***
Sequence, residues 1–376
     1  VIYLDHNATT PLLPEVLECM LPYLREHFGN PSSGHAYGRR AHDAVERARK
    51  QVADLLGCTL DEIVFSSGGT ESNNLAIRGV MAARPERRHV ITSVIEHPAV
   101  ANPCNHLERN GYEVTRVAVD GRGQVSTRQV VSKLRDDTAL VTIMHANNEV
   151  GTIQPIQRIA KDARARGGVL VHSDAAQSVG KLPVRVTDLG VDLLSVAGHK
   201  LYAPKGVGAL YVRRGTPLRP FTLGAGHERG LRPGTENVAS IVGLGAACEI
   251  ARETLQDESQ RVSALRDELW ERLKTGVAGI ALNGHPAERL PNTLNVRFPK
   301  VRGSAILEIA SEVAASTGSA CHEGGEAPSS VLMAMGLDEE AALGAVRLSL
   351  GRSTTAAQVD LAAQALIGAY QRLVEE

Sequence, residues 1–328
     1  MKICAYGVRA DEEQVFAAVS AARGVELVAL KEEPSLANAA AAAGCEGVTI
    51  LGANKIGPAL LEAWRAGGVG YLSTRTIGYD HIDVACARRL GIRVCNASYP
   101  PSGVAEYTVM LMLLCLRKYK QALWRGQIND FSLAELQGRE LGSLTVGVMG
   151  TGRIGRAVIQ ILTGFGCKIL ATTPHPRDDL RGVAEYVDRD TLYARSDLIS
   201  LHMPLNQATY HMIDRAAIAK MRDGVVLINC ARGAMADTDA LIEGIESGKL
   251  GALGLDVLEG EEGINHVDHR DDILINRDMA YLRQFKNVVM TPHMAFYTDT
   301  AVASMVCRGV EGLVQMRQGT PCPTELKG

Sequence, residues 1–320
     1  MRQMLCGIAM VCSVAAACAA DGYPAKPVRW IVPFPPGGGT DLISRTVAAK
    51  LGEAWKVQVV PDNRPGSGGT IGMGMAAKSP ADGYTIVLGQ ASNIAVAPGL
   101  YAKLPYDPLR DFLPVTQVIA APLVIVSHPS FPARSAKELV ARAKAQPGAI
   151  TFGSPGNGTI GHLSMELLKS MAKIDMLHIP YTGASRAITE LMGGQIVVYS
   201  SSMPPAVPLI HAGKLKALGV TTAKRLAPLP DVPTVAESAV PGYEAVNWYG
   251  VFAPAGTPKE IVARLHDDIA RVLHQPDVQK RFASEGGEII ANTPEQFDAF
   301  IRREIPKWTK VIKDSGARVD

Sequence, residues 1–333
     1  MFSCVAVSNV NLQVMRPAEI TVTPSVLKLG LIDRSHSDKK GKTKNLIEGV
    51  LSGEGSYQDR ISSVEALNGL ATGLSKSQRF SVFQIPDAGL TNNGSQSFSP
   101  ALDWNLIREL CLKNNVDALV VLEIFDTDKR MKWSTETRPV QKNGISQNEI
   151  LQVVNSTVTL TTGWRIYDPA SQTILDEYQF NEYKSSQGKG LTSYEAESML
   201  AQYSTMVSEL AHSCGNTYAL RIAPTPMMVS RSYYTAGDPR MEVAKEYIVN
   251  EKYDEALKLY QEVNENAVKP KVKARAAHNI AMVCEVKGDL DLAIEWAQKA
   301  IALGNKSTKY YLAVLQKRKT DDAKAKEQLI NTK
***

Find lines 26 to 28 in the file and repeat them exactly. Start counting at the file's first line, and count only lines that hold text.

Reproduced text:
Sequence, residues 1–333
     1  MFSCVAVSNV NLQVMRPAEI TVTPSVLKLG LIDRSHSDKK GKTKNLIEGV
    51  LSGEGSYQDR ISSVEALNGL ATGLSKSQRF SVFQIPDAGL TNNGSQSFSP